Each year, my tomatoes have a black rotten spot on the lower side that ruins
half the crop. Does this indicate some kind of soil deficiency; if so, what.
Also this year, I plan to use black plastic sheet mulch with pine bark mulch on
top of that. I haven't ever did this before so I can't predict the results. If
nothing else, it looks good and keeps the weeds out.
Includes "Poems of the Sea"
John is right, of course, but the problem is also made worse by uneven
moisture in the soil. I have been growing all my tomatoes through black
plastic mulch for several years now and blossom end rot is no longer a
Bill, if you follow your plan to use the black plastic, you might try
doing nothing else the first year. If the problem still exists, then try
a calcium spray. Do you suppose your soil is deficient in calcium? Do
you ever test your soil to see if you should be adding lime?
One more thing, if you live where it gets very hot early in the season,
then using the pine mulch over the plastic is good. If you live where
the season starts out rather cool, you might leave the pine mulch off
until the soil has a chance to warm up a bit.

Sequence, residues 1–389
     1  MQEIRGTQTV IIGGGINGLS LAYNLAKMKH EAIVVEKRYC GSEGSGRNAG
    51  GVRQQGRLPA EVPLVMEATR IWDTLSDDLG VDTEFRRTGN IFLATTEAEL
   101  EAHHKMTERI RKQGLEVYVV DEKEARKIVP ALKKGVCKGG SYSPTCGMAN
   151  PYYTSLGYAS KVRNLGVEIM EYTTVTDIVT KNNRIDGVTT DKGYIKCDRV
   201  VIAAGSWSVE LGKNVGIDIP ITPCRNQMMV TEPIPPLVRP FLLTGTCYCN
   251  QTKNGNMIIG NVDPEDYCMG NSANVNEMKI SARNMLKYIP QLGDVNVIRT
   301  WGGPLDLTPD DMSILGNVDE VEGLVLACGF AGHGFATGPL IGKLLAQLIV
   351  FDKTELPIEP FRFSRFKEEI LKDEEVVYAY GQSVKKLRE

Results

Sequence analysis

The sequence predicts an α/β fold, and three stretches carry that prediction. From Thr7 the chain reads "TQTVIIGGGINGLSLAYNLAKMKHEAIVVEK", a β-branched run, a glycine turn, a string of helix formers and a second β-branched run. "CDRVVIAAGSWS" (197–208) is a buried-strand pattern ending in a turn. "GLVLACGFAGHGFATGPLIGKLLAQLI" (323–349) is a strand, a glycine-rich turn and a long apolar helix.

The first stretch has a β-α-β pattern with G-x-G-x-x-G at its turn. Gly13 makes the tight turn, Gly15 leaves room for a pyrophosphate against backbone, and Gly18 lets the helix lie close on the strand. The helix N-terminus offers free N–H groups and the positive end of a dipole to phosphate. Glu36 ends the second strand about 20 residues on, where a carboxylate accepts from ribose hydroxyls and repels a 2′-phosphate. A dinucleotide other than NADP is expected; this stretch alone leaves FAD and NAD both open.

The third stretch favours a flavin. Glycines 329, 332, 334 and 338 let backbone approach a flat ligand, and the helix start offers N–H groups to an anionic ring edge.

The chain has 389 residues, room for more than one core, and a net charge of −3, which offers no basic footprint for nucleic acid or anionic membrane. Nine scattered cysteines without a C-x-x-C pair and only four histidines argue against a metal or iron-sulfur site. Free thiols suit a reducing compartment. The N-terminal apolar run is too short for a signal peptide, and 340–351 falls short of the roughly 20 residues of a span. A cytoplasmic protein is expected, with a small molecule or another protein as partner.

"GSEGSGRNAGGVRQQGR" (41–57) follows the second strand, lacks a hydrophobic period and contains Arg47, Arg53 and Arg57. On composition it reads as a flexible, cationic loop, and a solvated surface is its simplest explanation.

GA Pinhead wrote:
Thanks, Steve, also to John. I think I will do just as you suggested, Steve.
Yes, I have tested the ph of the soil. It tested a little high on acid a few
years ago so I added lime and the next year it tested ok. Now, I'll have to
wait until spring.
This is my personal experience:
I fertilize tomatoes very early and very lightly when they are
planted. I do NOT fertilize while they are growing the green. If you
do they will become as tall as pine trees with no fruit. I then watch
as the flowers flower and set fruit. Still no more fertilizer. Then as
the fruits are full size I fertilize a little with common fertilizer.
I conseptually see this as solving the calcium deficiancy. It works
for me and keeps the ends from turning black as the fruit ripens from
green to red.
Again, my personal experience.
And yes, consistant soil moisture helps the skins from not blowing out
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